Selections from Tierkreis (1975)                                                                                                            Karlheinz STOCKHAUSEN 
open instrumentation
Tierkreis - In 1975, 12 melodies were composed for the work MUSIK IM BAUCH (Music in the Belly) for 6 percussionists and music boxes, one for each sign of the zodiac.
     I began to busy myself with the 12 human characters of the ZODIAC of which I had until then only a vague idea. In inventing each melody, I thought of the characters of children, friends, and acquaintances who were born under the various star signs, and studied the human types of the star signs more thoroughly. Each melody is now composed with all its measures and proportions in keeping with the characteristics of its respective star sign, and one will discover many legitimacies when one hears a melody often, and exactly contemplates its construction . . . Each melody is composed in such a way that one should play it at least 3 times. When one wishes to listen to several or all of them one after another, then each should be played 3 or 4 times in succession. -Karlheinz Stockhausen




Sarah Hetrick

Sarah Hetrick, a Pennsylvania native, is a saxophonist, educator, and arts administrator based in Austin, TX. Aside from teaching in the Central Texas area, Sarah enjoys maintaining an active performing career as a solo and chamber musician in Texas and throughout the United States.
     Sarah performs regularly as a member of the Density512 new music collective and has commissioned and worked with composers Angélica Negrón, Tonia Ko, Gemma Peacocke, Alexandra Gardner, Andrew Koss, Shelley Washington, Alexis Bacon, Evan Lawson, and more. Sarah has presented and performed at the The Oh My Ears Festival, with the Blackhouse Collective, and at several national and international conferences including the International Saxophone Symposium, the North American Saxophone Alliance Regional and Biennial Conferences, and the Boulanger Initiative's WoCo Fest. Additionally, Sarah has given recitals and masterclasses at several high schools and universities, including Duquesne University, Youngstown State University, and more.
     Sarah is a prize winner of the ENKOR International Music Competition, the North International Music Competition, both the Texas and Pennsylvania MTNA Young Artist Competitions, the Butler Symphony Orchestra Young Artist Competition, and more. Additionally, Sarah is the recipient of the prestigious and internationally competitive PEO Scholar Award, the Presser Graduate Music Award, and the Rainwater Grant for Innovation in Music.
     As director of the Elise Hall Competition for Emerging Saxophonists, Sarah oversees the commission, operations, and development of the initiative, which aims to encourage and support the professional and artistic development of young female, trans, and non-binary identifying saxophonists.
     Prior to pursuing doctoral studies and serving as the Saxophone Teaching Assistant at The University of Texas at Austin, Sarah earned a Bachelor of Science Degree in Music Education and graduated Summa Cum Laude from Indiana University of Pennsylvania, a Master of Music Degree in Saxophone Performance from The University of Texas at Austin, and completed additional study at Université Européene de Saxophone in Gap, France.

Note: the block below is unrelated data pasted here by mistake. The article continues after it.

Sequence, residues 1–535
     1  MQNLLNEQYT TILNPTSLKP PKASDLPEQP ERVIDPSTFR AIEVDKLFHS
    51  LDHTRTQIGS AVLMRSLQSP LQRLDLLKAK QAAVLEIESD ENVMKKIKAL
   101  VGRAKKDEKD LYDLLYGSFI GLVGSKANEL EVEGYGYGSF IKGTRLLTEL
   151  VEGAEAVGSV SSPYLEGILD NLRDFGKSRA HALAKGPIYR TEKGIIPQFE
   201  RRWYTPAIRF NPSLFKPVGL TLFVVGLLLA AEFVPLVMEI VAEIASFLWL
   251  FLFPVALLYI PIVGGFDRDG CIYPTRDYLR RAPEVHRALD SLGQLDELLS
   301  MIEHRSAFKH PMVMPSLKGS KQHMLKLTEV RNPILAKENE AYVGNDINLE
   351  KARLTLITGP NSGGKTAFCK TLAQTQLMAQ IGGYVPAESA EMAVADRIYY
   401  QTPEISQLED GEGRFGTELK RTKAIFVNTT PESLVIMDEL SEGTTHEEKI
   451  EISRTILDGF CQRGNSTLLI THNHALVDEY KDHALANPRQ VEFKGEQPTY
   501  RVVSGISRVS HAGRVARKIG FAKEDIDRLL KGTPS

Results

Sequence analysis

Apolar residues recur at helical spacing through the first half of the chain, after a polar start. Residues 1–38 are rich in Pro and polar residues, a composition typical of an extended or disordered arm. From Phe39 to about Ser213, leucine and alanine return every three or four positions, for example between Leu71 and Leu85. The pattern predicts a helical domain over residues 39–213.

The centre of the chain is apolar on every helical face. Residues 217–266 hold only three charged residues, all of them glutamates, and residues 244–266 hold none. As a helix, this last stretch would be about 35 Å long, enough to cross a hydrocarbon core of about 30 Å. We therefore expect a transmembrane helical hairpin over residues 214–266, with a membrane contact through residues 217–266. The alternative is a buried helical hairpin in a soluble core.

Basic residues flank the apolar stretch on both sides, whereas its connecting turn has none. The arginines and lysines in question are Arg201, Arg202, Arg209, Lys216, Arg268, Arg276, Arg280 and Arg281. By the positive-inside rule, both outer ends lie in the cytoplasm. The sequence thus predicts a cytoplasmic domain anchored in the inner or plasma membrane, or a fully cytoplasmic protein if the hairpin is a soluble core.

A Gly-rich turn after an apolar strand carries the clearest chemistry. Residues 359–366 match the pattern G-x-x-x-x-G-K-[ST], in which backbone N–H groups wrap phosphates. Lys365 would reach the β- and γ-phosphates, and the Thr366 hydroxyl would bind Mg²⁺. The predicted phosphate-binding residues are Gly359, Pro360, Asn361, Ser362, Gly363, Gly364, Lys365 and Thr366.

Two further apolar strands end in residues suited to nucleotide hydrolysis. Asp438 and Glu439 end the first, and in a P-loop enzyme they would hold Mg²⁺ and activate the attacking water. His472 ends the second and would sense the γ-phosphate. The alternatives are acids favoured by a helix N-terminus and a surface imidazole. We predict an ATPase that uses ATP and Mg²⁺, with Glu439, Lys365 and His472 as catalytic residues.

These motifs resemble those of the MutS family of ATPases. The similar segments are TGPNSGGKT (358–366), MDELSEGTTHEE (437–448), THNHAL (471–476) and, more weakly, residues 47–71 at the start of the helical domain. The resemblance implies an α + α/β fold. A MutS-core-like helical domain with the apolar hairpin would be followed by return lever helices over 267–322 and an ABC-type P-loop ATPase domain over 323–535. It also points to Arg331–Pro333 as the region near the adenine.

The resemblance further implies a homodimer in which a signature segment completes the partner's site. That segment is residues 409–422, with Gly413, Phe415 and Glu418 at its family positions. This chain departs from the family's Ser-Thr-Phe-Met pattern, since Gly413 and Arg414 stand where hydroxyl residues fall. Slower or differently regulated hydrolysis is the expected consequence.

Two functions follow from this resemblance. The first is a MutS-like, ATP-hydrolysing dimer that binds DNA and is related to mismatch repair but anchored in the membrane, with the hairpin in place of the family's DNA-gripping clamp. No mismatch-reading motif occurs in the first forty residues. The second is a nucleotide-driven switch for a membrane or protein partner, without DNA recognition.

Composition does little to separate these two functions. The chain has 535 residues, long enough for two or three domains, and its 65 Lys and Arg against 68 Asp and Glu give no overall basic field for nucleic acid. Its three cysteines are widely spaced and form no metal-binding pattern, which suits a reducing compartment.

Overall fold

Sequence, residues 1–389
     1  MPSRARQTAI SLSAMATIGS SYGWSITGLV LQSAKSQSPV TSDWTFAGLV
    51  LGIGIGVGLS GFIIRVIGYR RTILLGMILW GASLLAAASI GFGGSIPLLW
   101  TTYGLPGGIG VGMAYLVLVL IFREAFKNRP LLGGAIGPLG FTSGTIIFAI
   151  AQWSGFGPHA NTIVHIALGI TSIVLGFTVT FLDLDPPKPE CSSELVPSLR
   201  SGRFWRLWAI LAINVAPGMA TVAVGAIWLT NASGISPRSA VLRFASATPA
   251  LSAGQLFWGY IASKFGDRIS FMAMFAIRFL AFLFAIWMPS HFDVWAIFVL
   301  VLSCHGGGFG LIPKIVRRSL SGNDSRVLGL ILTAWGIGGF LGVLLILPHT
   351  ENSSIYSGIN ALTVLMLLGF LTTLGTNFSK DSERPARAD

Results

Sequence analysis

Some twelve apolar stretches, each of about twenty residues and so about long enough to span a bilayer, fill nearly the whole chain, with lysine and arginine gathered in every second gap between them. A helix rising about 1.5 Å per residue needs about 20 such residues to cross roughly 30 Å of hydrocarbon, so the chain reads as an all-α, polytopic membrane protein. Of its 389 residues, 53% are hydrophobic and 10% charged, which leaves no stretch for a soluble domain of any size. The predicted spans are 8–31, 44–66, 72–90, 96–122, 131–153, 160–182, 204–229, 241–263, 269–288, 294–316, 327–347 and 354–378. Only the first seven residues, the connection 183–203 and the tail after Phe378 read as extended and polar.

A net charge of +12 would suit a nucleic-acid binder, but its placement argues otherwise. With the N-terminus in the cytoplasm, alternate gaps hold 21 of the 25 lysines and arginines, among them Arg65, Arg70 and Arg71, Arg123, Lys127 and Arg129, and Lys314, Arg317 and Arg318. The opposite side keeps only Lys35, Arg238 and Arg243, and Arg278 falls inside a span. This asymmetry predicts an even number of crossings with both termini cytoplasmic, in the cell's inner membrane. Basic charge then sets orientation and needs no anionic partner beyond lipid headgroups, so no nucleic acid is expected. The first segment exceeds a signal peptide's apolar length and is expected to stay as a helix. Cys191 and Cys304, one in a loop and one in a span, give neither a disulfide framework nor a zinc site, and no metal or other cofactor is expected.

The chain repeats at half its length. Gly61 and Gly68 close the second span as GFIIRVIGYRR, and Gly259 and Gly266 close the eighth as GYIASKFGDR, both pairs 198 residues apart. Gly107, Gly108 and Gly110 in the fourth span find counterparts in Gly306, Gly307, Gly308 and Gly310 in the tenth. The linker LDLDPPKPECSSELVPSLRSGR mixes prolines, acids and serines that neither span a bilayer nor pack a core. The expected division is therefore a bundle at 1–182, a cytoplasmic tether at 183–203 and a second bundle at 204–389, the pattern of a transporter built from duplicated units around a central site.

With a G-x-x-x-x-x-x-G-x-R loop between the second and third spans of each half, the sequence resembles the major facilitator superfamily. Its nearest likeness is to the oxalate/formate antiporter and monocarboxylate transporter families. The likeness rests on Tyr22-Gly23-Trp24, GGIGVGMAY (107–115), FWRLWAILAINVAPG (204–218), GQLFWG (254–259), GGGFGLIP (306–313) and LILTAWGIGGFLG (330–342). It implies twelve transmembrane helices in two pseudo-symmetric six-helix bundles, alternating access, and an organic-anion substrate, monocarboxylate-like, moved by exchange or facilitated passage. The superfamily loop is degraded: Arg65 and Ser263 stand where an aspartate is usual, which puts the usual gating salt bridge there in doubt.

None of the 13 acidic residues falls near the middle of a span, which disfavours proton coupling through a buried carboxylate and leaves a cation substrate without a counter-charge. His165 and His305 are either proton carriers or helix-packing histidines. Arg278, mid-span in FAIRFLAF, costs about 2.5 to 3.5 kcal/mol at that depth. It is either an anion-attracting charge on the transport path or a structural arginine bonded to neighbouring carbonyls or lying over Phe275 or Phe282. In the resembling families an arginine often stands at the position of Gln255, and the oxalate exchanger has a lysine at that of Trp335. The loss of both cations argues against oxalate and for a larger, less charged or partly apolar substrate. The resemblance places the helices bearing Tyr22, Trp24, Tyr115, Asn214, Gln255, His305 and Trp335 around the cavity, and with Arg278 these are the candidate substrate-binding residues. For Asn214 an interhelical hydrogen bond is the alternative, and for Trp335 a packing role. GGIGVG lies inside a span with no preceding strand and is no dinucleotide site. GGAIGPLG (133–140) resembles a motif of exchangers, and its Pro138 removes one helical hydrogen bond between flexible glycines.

Kenken Gorder

Kenken Gorder, is a highly versatile trumpeter and music educator based in Austin, TX. His skill and expertise have allowed for opportunities to perform in a multitude of ensemble settings including sinfonietta, brass quintet, brass trio, orchestra, wind ensembles, and jazz bands. He enjoys collaborating with both musicians and artists in all the artistic disciplines.
     Kenken is an active member of the Density512 and Black House music collectives. This year, he has performed and premiered new works for both collectives at the 2020 Oh My Festival in Phoenix, AZ, and in Austin’s (TX) Big Medium gallery. As an educator, he maintains a large studio of 58 students in Austin and the surrounding area. Students of his have performed at the regional, state, and national levels.
     As a performer of new music, he has premiered 16 new compositions by composers within the span of 2-months at the 2019 Oh My Ears Festival in Phoenix, AZ and the 2019 Black House SoCal Intermedia Workshop in Irvine, CA. He also performed music by Sam Wells at the 2019 SPLICE Institute in Kalamazoo, MI. Additionally, he collaborated and recorded an album with François Minaux, an artistic genius and flutist, based in Austin.
     Gorder has also commissioned and premiered works by composers Jacob Pallo, Andrew Koss, Tyler Katz, and Helen Hé in 2014, 2016, 2017, and 2019 respectively. Outside of performing new music, he has performed with the Altoona Symphony Orchestra, Muscatine Symphony Orchestra, the HoodleBug Brass Quintet, and the Iowa Brass Quintet. Kenken was a semi-finalist in the 2012, 2017, and 2018 National Trumpet Competition, and a performer at the 2017 and 2018 International Trumpet Guild Conferences. He also served as an ensemble coach at the Interlochen Center for the Arts.
     Kenken Gorder earned his Master’s degree in Trumpet Performance studying under the tutelage of Dr. Amy Schendel at the University of Iowa (UI). Prior to his time at UI, he earned a bachelors of science degree in music education from Indiana University of Pennsylvania (IUP). Previous trumpet teachers include Dr. Kevin Eisensmith, Ken Brader, and Kyle Fleming.